As an urban planner, I have been exposed to ways that design of public space affects human behavior. This extends to community engagement: how we design our processes affects the amount to which the public is involved in decision-making. Often, it takes an absurd hypothetical to expose an abstract point like this. So, if you don’t mind indulging me….
Let us suppose for a moment that you were given an architect hat and told to design a building. There might be a couple of questions running through your mind, like: Why me? What type of building? Do architects even wear hats? (Is a black cardigan a hat?) Let’s say this building that you were responsible for was your city’s new City Hall, and your task was to design the city council chambers.
One twist: you were instructed to make it as intimidating as possible. But make it subtle.
To design this hypothetically intimidating chamber, you start by considering the council members first. Any good, undemocratic public space considers its rulers before its community members. So you ask: Where will they sit? What resources will they have? How will it be arranged? You come up with the idea to arrange them in a dramatic semicircle, elevated a few feet over the crowd to establish dominance, and give them executive leather chairs and fancy microphones to show who the boss is around here.
Unfortunately for you (remember that you’re still the malevolent architect here), the law usually requires that these City Council meetings have to be accessible to the public. Even worse, these community members are entitled to the opportunity to speak at these meetings. You have to put them somewhere. You come up with another brilliant idea: Make them walk up to a podium in the center of the room, at ground level, looking up at these council members. Give them only two minutes to speak. Make them get in line. If they make a mistake, too bad. These meetings also have to be scheduled at 6 pm on a Wednesday–right during Junior’s soccer practice.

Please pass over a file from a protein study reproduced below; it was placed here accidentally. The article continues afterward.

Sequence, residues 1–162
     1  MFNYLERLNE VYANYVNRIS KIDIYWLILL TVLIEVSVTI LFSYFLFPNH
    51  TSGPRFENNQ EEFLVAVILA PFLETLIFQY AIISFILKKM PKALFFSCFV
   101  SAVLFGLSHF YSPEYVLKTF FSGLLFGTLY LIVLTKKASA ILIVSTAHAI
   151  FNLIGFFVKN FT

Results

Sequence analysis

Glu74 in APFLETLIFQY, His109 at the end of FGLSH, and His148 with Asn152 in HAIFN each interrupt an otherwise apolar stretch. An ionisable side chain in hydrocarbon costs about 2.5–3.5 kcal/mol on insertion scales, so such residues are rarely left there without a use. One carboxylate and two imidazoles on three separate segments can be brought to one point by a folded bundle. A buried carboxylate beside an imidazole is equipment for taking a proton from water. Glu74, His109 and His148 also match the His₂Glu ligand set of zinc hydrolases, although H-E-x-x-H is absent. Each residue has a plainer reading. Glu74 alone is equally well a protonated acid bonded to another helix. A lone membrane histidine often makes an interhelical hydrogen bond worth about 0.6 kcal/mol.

Doesn’t this dystopian chamber look an awful like the ones that exist in real life?
In the real world, people who designed city council chambers never intended to make them intimidating. Instead, their priorities were credibility, uniformity, and efficiency. In other words: That’s what makes us seem important. That’s how all the other cities have done it. That’s what a normal city council chamber looks like. They executed those priorities perfectly but ended up with city council chambers that unintentionally turn away community members.
In an online space, nobody sits higher than anyone else. Nobody is taller, louder, or more aggressive. Nobody can see what type of chair you’re sitting in, the keyboard you’re typing with, or clothes you’re wearing. Nobody knows how old or young you are, what your background is, or what neighborhood you’re from.
Nobody is turned away due to scheduling constraints. Online community engagement is like your favorite greasy spoon: open 24 hours and no matter what time you show up the menu is the same.
Online engagement should never replace in-person public dialogue for the issues that affect your community members’ lives. But communication that is more open, accessible, and unprejudiced will always generate better discourse than communication that is not.